Why aren't viruses bioluminescent?

Bioluminescent plants created : Luminous tobacco

Very different forms of life have developed the ability to generate light through chemical reactions. This bioluminescence is found, for example, in fireflies, deep-sea fish, bacteria and fungi. It does not occur in higher plants.

But now Russian researchers have succeeded in genetically modifying tobacco plants in such a way that they permanently produce green radiation that is visible to the naked eye without being supplied with additives. All that was needed was to incorporate four genes from a fungus capable of bioluminescence into the genome of the plants. D.

his method is in principle suitable for making every plant glow, the scientists write in the journal “Nature Biotechnology”.

On the one hand, the process could be used as an aid for research purposes. On the other hand, commercial use would also be conceivable by changing indoor plants accordingly or even creating bioluminescent trees that would then contribute to street lighting.

The plants glow, but are not really suitable as reading lamps

“The brightness achieved enabled high-quality recordings with commercially available cameras with exposure times between 0.5 and 30 seconds,” write the researchers working with Ilia Yampolsky and Karen Sarkisyan from the Russian Academy of Sciences in Moscow.

They transferred four genes that are responsible for the bioluminescence of the fungus Neonothopanus nambi are responsible for the genome of tobacco plants (Nicotiana tabacum and Nicotiana benthamiana). These genes carried the information needed to produce four enzymes. One of these is a luciferase, which - like fireflies - catalyzes the oxidation of luciferin, releasing energy in the form of light.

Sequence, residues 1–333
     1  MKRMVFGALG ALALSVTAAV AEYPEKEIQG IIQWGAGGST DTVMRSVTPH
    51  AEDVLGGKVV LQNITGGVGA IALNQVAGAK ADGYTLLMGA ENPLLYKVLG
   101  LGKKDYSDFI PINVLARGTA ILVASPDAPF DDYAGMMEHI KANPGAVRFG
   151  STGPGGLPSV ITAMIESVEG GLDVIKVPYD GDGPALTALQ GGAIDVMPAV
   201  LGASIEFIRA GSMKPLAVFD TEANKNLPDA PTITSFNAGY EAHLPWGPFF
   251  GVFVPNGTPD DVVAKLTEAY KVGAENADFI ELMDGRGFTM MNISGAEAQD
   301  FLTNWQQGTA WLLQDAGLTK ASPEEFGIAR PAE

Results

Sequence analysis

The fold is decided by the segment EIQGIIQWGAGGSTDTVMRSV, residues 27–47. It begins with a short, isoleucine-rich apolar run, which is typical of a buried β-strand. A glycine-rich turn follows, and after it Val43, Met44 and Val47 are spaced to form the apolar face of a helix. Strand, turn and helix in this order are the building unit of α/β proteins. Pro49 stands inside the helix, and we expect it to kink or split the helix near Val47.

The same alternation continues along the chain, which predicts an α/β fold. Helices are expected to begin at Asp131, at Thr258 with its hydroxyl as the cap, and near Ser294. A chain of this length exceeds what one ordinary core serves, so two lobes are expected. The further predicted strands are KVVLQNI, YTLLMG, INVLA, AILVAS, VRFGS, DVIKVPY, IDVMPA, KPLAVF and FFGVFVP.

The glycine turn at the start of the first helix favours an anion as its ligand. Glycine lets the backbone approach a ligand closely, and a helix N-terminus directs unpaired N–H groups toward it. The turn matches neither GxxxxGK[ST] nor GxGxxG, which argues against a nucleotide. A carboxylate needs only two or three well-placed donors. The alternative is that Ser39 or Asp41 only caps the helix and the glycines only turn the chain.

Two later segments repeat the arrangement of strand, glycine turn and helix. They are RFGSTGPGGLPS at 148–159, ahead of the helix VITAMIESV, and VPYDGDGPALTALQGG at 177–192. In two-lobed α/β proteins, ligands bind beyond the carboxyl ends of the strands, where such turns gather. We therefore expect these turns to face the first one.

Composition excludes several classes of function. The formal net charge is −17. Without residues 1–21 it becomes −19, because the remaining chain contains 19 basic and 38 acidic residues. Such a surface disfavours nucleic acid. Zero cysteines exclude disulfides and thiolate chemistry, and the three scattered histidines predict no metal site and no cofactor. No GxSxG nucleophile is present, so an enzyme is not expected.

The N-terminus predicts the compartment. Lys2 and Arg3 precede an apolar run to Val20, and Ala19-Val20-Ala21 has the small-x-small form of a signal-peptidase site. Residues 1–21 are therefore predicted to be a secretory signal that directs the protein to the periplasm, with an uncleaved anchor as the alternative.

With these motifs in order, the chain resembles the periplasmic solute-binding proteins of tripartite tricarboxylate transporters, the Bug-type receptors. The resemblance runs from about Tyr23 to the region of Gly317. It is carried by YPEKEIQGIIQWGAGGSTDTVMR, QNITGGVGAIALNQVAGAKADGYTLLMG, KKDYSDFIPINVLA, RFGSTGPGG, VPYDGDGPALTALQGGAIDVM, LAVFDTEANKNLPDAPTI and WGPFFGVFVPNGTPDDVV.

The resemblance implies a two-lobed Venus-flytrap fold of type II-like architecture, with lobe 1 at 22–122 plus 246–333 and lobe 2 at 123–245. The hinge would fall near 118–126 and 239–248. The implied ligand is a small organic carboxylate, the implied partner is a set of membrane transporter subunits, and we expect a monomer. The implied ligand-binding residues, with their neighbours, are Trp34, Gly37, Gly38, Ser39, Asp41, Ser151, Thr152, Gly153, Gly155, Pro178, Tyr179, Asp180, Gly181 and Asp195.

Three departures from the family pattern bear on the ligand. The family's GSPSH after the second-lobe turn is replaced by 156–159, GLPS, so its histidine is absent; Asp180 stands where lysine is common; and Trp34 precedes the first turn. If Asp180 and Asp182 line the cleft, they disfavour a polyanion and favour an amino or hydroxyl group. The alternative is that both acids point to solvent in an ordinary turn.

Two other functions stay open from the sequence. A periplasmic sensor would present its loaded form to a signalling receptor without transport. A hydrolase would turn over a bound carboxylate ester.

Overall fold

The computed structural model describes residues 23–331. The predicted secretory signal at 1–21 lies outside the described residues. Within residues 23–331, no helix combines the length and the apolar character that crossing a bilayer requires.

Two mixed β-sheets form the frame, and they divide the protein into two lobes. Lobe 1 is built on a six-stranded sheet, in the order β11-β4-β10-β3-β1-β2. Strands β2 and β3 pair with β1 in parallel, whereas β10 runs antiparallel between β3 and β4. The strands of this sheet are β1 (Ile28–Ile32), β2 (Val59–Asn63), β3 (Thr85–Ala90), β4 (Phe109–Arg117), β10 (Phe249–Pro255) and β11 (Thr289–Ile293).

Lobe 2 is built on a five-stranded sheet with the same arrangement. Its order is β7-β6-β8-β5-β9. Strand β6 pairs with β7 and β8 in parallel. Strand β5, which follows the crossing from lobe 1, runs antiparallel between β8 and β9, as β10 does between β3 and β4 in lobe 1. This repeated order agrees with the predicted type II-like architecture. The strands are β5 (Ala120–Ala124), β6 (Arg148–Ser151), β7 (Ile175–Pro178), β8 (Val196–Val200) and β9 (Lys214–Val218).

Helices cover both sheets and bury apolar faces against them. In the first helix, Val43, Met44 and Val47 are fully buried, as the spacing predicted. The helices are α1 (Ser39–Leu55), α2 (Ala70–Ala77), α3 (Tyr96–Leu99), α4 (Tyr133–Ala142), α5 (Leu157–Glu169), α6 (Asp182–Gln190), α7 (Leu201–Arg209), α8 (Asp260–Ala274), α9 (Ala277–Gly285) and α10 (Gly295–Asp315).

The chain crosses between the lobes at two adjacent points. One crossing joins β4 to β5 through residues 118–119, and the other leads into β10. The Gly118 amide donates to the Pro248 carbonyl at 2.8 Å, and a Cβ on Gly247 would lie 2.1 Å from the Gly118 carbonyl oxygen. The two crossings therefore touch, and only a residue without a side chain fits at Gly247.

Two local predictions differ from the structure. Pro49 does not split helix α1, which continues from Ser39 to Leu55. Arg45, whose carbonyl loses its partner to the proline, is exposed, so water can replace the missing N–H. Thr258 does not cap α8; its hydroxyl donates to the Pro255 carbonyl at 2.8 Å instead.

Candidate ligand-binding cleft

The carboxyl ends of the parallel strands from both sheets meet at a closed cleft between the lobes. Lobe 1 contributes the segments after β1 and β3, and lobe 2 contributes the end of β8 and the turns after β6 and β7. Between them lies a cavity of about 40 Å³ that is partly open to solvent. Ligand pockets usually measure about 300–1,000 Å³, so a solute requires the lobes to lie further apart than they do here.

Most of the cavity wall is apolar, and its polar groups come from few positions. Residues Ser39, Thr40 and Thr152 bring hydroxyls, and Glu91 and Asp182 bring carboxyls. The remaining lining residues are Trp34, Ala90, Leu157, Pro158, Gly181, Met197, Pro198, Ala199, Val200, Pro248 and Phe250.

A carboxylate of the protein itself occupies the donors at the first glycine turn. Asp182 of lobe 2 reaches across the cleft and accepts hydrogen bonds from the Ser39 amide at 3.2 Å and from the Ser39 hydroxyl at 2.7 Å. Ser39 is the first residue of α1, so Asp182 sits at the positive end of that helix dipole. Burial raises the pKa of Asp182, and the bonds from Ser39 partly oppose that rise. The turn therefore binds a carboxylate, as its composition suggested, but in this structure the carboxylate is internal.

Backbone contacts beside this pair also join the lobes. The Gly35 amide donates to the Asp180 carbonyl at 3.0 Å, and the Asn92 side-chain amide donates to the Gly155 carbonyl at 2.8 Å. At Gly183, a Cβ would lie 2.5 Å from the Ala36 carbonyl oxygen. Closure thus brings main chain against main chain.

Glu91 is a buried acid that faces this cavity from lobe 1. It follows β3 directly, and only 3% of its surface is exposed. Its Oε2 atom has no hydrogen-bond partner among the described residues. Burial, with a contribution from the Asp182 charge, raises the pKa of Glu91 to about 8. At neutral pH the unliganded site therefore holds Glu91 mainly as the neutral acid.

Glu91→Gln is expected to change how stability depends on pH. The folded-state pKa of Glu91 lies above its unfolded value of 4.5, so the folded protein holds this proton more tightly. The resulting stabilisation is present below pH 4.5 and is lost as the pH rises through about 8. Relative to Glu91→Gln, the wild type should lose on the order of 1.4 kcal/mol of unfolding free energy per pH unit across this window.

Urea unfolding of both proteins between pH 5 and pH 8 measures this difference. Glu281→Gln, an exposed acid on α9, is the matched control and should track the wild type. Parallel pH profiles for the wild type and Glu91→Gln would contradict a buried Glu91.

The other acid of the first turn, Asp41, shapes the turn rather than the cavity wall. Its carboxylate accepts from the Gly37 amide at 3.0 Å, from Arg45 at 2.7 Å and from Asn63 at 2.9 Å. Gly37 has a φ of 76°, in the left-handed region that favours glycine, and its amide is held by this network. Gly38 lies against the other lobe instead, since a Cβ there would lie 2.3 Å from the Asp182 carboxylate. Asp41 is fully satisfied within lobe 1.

The researchers can also make petunias and roses shine

The other enzymes are used in a reaction cycle to convert caffeic acid into luciferin and regenerate it again after oxidation. Caffeic acid is an intermediate product of normal metabolism formed by all plants, which is necessary for the formation of lignin and therefore does not have to be supplied to the plants first.

Apart from an increase in size of twelve percent, the genetically modified plants did not differ in appearance and development from normal plants. All parts of the plant showed a luminescence that was strongest in the flowers and weakest in old parts of the shoot.

Fluctuations in the intensity of the emitted light could provide important information about the current metabolism, diseases, environmental influences and reactions to chemical treatments during the growth and breeding of plants.

The researchers were also able to equip other plant species, including periwinkles, petunias and roses, with the bioluminescent genes using genetic engineering. They think it is possible to increase the intensity of the light generated and to be able to vary the light color. (wsa)

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